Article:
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This is a cabin, originally used by the Ranch School founder, Ashley Pond.  It was moved to this site.  It was originally in a remote location, and was used for some early research activities…

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One of the houses used by scientist Bethe has been restored…

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The Guest House was used by prominent visitors.  Today it is the Museum…

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The Ranch School was founded by Ashley Pond in 1917.  The boys of the school built this small lake, and named it Ashley Pond… All the original research labs were built around the pond.  It is the centerpiece of a city park today…

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Los Alamos now has a proper Post Office.  Residents no longer need to share one P.O. Box in Santa Fe…

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We returned to Pojoaque; we had another Fandango, and at 8:00 pm we had a Drivers Meeting to review tomorrow’s drive as we move to Durango, CO, high in the Rocky Mountains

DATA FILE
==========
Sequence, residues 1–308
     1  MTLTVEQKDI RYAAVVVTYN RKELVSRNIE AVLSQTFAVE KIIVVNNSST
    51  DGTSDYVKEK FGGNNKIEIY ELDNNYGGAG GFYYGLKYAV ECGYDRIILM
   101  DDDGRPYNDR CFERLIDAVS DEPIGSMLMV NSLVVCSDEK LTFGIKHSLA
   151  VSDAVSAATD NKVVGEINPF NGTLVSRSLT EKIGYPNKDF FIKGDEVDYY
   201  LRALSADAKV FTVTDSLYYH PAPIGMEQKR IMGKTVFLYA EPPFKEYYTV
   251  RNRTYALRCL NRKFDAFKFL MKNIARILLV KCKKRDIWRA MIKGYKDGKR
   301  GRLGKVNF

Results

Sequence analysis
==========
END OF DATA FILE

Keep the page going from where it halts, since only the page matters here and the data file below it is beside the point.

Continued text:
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And an enjoyable time was had by all…

 

2018-08-25 – WBCCI 2018 Southwest Adventure Caravan – Day 7 – Taos

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Today we traveled to Taos, about 45 miles (1 1/2+ hour drive…).  As usual, the landscape around here is stunning…

Along the way we stopped at several small towns and villages to see some of the local color…

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In Taos we enjoyed another unique lunch at Lambert’s…

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We looked around Kit Carson’s house…

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Kit Carson was born in the early 1800s and spent most of his life exploring the wild west, enduring many dangers and surviving them all.  He died in Taos at the age of 59 of a burst aneurysm…

Taos has many nice shopping streets, but on a much smaller scale than Santa Fe…